• Depictions of world trees, both in their directional and central aspects, are found in the art and traditions of cultures such as the Maya, Aztec, Izapan, Mixtec, Olmec, and others, dating to at least the Mid/Late Formative periods of Mesoamerican chronology. Among the Maya, the central world tree was conceived as, or represented by, a ceiba tree, called yax imix che (‘blue-green tree of abundance’) by the Book of Chilam Balam of Chumayel. The trunk of the tree could also be represented by an upright caiman, whose skin evokes the tree’s spiny trunk.
  • Directional world trees are also associated with the four Yearbearers in Mesoamerican calendars, and the directional colors and deities. Mesoamerican codices which have this association outlined include the Dresden, Borgia and Fejérváry-Mayer codices. It is supposed that Mesoamerican sites and ceremonial centers frequently had actual trees planted at each of the four cardinal directions, representing the quadripartite concept.
  • World trees are frequently depicted with birds in their branches, and their roots extending into earth or water (sometimes atop a “water-monster”, symbolic of the underworld).
  • The central world tree has also been interpreted as a representation of the band of the Milky Way.
  • Izapa Stela 5 contains a possible representation of a world tree.

A common theme in most indigenous cultures of the Americas is a concept of directionality (the horizontal and vertical planes), with the vertical dimension often being represented by a world tree.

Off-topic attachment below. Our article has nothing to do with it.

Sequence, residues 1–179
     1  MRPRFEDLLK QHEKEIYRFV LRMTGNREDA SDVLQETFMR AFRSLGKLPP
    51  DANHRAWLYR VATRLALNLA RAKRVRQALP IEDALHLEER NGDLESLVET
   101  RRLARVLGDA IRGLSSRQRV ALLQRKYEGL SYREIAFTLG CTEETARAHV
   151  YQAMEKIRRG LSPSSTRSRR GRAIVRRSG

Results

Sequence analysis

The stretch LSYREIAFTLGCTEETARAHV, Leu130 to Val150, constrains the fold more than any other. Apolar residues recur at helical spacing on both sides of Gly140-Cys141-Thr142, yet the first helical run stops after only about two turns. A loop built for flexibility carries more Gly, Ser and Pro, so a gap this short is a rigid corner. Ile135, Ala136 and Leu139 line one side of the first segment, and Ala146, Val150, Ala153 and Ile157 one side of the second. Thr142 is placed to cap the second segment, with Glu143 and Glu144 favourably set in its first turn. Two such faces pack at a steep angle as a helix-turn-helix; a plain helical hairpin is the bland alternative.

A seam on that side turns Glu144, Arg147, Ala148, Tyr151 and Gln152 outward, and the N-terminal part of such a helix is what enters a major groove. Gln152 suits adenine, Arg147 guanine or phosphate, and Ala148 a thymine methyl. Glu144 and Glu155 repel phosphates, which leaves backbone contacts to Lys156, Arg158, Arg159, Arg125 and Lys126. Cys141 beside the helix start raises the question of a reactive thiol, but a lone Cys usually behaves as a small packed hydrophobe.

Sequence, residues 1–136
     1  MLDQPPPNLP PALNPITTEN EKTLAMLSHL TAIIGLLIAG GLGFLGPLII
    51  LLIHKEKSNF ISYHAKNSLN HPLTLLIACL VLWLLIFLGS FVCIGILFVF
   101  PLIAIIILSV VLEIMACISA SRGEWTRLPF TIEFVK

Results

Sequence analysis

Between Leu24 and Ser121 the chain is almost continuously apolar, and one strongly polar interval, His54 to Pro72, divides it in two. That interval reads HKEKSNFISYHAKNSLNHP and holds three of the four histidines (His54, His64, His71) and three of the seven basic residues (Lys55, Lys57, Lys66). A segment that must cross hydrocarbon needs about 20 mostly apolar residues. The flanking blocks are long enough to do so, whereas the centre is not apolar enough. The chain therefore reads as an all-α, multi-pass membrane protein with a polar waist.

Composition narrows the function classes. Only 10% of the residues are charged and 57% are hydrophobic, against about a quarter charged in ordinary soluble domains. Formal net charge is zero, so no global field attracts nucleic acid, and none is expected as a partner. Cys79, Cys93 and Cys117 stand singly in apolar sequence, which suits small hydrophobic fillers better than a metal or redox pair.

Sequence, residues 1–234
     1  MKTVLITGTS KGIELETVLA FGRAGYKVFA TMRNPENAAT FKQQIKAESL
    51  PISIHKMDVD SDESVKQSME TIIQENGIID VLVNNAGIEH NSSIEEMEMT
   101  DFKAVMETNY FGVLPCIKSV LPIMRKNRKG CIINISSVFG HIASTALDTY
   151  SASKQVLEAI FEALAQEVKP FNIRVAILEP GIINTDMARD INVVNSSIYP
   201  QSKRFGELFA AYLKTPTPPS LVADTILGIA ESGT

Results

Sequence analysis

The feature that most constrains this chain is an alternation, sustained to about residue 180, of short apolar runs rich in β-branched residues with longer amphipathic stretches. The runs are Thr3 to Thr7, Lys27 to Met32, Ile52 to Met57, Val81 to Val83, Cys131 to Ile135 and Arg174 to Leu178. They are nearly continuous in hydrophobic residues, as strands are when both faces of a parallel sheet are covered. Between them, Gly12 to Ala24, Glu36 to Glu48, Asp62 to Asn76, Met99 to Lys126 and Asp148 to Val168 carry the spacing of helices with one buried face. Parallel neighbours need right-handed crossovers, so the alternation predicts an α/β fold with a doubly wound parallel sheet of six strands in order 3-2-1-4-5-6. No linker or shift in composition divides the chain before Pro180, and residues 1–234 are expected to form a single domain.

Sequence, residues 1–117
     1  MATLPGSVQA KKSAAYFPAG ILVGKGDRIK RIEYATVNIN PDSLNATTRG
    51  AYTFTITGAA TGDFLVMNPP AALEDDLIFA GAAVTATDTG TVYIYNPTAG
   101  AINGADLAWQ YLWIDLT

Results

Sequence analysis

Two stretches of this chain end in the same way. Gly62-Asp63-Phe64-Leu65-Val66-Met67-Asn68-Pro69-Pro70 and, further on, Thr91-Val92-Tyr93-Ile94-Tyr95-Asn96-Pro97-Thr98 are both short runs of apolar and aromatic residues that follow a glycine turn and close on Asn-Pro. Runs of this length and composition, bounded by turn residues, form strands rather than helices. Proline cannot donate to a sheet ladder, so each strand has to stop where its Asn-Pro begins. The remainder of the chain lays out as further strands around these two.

Some scholars have argued that the religious importance of the horizontal and vertical dimensions in many animist cultures may derive from the human body and the position it occupies in the world as it perceives the surrounding living world.

Many Indigenous cultures of the Americas have similar cosmologies regarding the directionality and the world tree, however, the type of tree representing the world tree depends on the surrounding environment.

For many Indigenous American peoples located in more temperate regions, for example, it is the spruce rather than the ceiba that is the world tree; however, the idea of cosmic directions combined with a concept of a tree uniting the directional planes is similar.

North-Asian, Siberian, Mongol, and Turkic cultures

The world tree is also represented in the mythologies and folklore of North Asia and Siberia. In the mythology of the Samoyeds, the world tree connects different realities (underworld, this world, upper world) together.

In their mythology, the world tree is also the symbol of Mother Earth who is said to give the Samoyed shaman his drum and also help him travel from one world to another.

The symbol of the world tree is also common in Tengrism, an ancient religion of Mongols and Turkic peoples.

The world tree is visible in the designs of the Crown of Silla, Silla being one of the Three Kingdoms of Korea. This link is used to establish a connection between Siberian peoples and those of Korea.

South Asian religions

Remnants are also evident in the Kalpavriksha (“wish-fulfilling tree”) and the Ashvattha tree of the South Asian religions.

In Brahma Kumaris religion, the World Tree is portrayed as the “Kalpa Vriksha Tree“, or “Tree of Humanity“, in which the founder Brahma Baba (Dada Lekhraj) and his Brahma Kumaris followers are shown as the roots of the humanity who enjoy 2,500 years of paradise as living deities before trunk of humanity splits and the founders of other religions incarnate.

Each creates their own branch and brings with them their own followers until they too decline and split. Twig-like schisms, cults, and sects appear at the end of the Iron Age.

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*This article was originally published at en.wikipedia.org.